Mary Agnes Carey talks to Joanna Kerpen, a partner at the law firm McDermott Will & Emery, about the role of the IRS in implementing and enforcing provisions of the health law after recent revelations the agency inappropriately targeted conservative groups that were seeking tax-exempt status.
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MARY AGNES CAREY: Good day, this is Health on the Hill. I’m Mary Agnes Carey. The role of the Internal Revenue Service in implementing the 2010 health care law has come under fire on Capitol Hill. Recent revelations that the IRS has inappropriately targeted conservative groups seeking tax-exempt status has caused some Republicans to say that the agency can’t be trusted to implement the health care law. Many Americans may not even realize that the IRS has a role in the health law, also known as the Affordable Care Act. With us today to discuss the issue is Joanna Kerpen of the law firm McDermott Will & Emery. Thanks so much for joining us.
JOANNA KERPEN: Thank you for having me.
MARY AGNES CAREY: Before we talk about the IRS, we should say that it’s not the only federal agency overseeing the health care law. What are the other agencies and how do they interact with the IRS?
JOANNA KERPEN: Well, because the health care reform law made such sweeping changes to not only the Internal Revenue Code, which the IRS is responsible for, but also to ERISA and the Public Health Services Act, the Department of Health and Human Services and the Department of Labor have been, and will continue to work with the IRS in implementing the changes made by the health care reform law and enforcing a lot of the provisions. However, that being said, because there have been such a great amount of changes to the Internal Revenue Code, the IRS has a very substantial role in implementing the changes under the health care law and enforcing them.
MARY AGNES CAREY: So moving to the IRS, what are the agency’s responsibilities concerning individuals and the health care law?
JOANNA KERPEN: Well, for example, in 2014, individuals are going to be required to carry a minimum level of health insurance coverage or be subject to a penalty. The IRS will be the agency that is responsible for enforcing that penalty and collecting the amounts from the individuals. In addition, as part of the minimum coverage requirement for individuals and the minimum coverage requirement that employers be required to provide to individuals, there will be the need to determine whether or not individuals are eligible for a health insurance premium tax credit, and the IRS will have the responsibility for determining who is eligible for the health insurance premium tax credit.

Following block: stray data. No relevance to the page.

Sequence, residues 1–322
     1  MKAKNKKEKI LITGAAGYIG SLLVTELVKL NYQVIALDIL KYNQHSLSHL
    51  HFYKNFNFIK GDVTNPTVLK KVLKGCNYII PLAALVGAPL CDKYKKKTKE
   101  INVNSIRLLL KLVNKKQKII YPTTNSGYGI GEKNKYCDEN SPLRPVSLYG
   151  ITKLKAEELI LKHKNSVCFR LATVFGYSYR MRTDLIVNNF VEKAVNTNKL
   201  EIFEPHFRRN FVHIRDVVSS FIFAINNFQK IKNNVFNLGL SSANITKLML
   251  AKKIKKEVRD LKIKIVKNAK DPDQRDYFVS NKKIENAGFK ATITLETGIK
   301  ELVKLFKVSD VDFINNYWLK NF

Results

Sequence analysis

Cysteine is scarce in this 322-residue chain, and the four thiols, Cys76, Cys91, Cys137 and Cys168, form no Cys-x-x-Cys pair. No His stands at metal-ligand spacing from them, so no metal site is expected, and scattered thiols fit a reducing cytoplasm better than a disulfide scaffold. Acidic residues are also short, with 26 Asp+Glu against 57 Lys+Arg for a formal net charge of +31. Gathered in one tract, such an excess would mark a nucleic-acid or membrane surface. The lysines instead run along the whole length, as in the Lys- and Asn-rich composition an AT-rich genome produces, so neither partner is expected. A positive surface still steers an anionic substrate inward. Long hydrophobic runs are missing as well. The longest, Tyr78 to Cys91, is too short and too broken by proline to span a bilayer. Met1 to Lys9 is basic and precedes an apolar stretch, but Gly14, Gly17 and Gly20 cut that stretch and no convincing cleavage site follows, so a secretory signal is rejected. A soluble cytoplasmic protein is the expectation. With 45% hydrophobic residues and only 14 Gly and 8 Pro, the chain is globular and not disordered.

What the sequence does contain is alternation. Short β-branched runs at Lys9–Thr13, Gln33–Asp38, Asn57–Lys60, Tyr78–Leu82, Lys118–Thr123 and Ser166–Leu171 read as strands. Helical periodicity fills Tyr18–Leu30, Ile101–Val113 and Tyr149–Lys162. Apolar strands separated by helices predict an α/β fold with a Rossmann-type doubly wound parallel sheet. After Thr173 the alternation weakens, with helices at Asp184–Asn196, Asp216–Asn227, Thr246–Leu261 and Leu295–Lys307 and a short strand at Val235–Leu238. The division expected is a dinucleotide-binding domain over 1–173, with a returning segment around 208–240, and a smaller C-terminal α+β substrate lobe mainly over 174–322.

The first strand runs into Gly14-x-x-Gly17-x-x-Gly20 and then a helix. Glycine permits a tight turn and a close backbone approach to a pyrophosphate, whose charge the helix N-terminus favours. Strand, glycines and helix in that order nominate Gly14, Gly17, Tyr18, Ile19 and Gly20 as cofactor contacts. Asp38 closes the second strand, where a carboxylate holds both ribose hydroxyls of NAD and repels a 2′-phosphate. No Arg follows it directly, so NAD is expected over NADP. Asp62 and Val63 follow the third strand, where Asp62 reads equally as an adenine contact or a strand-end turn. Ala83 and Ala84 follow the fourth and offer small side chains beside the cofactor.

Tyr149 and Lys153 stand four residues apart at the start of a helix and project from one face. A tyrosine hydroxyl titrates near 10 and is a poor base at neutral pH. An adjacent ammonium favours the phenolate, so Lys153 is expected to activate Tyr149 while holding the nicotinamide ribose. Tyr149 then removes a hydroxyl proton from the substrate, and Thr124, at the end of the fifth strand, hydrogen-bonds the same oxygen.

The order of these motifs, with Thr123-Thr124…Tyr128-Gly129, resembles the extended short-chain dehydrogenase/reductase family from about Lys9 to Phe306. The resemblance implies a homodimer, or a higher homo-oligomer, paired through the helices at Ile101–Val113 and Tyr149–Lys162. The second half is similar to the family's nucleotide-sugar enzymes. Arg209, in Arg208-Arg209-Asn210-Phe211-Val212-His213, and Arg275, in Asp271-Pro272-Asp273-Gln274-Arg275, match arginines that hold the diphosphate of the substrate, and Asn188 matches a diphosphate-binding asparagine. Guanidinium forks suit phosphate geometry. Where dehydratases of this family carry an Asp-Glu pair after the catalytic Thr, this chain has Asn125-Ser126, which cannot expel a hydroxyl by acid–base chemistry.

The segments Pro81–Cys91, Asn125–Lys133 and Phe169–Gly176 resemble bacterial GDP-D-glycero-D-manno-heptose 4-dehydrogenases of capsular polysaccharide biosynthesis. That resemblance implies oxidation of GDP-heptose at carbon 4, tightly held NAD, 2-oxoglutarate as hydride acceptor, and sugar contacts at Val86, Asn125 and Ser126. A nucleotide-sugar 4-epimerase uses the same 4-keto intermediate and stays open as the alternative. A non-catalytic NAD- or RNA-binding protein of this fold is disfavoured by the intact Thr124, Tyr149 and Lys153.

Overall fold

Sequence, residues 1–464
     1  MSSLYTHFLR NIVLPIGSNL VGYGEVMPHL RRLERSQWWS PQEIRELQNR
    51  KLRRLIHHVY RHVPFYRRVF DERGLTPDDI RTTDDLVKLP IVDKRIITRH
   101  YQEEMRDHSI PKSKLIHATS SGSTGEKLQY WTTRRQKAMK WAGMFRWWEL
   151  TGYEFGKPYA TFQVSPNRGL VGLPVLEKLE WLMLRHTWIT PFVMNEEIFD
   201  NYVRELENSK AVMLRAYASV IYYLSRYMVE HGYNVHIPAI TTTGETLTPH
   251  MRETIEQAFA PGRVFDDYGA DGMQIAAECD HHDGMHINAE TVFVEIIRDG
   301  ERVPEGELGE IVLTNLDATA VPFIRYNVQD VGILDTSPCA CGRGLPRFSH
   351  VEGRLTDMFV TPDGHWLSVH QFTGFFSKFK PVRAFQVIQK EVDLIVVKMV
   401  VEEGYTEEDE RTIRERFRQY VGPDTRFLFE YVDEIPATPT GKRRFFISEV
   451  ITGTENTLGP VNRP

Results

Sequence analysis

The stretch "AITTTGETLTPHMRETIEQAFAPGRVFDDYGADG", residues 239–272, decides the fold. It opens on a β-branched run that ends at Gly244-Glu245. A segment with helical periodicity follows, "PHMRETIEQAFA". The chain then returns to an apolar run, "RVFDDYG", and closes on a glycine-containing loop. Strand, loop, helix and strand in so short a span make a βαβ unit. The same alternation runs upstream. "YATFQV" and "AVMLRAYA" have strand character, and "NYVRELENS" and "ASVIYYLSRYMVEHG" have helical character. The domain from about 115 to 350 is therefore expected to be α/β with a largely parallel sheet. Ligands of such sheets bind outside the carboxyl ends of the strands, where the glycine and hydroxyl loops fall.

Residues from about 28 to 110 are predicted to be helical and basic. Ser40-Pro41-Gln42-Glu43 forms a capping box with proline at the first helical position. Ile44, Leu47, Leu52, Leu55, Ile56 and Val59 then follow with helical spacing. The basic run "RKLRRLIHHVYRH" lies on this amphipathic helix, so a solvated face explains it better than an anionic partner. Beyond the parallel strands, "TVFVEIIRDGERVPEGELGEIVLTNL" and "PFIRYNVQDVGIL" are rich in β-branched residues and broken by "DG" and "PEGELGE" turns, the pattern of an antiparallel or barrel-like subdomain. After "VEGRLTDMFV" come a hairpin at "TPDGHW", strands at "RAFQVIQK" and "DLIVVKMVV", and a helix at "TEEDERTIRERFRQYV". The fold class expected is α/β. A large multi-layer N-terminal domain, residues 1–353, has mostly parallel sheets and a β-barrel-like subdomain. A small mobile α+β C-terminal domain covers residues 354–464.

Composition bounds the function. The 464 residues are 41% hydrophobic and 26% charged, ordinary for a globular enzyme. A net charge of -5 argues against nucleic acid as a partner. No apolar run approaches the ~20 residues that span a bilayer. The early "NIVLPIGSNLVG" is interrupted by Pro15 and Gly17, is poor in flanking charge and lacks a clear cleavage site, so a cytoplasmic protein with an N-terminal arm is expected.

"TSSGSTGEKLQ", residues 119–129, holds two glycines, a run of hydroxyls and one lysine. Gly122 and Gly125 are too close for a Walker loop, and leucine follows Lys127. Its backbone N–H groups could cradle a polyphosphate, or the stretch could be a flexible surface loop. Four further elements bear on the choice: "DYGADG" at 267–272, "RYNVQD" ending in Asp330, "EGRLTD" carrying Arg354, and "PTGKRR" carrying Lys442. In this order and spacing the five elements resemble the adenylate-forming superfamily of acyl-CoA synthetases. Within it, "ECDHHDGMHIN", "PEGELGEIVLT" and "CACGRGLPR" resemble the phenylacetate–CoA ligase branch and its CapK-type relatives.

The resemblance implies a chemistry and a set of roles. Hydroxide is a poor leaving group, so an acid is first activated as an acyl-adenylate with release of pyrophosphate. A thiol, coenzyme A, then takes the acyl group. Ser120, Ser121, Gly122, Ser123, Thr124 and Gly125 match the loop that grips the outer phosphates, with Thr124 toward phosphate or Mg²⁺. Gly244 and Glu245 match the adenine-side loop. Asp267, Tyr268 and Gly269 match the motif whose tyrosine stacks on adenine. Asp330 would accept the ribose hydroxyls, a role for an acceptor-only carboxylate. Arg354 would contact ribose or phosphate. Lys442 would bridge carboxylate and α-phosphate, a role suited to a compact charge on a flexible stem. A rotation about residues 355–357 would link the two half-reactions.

MARY AGNES CAREY: The law also places some new responsibilities on employers. What are they and how is the IRS involved?
JOANNA KERPEN: There are several new requirements for employers that interplay with the IRS’s enforcement provisions and governing provision. In 2014, for example, employers are now going to be required to provide coverage that is affordable to employees. And if they do not provide this coverage, they will be subject to a penalty. The IRS is responsible for setting out the rules and guidance for employers in providing this coverage as well as enforcing the rule and collecting the penalty payment from the employers.
In addition in 2018 there will be a tax on what they call Cadillac plans, the high value cost coverage that can be provided to individuals, and the IRS will be responsible for enforcing that rule and collecting any penalties for coverage in excess of the Cadillac plan tax limit. In addition, starting in 2012, which would have been the W2 that was provided in January 2013, employers were now required to include certain information on annual W2s, specifically the value of the group health plan benefits. So beginning with that W2 that was provided in 2013, the IRS has now been tasked with recording all the values of the group health plan benefits that have been recorded on the W2s.
MARY AGNES CAREY: Republicans on Capitol Hill have said that the current controversy over excessive IRS scrutiny of some conservative nonprofits means that the IRS can’t be trusted to implement the Affordable Care Act in a fair manner. Do you think that those arguments will have any lasting impact on implementation of the health care law?
JOANNA KERPEN: I can't speak to whether or not the arguments will have any impact on the implementation. However, I just think that the recent events and disclosures by the IRS of the conduct shows that it is in fact possible for the IRS to behave in this manner. However, that doesn’t mean that they are going to in the future and with regards to the future requirements that are coming out. But you never know.
MARY AGNES CAREY: That's absolutely true. In Washington, you never do know. Thanks so much Joanna Kerpen of the law firm McDermott, Will & Emery.
JOANNA KERPEN: Thank you.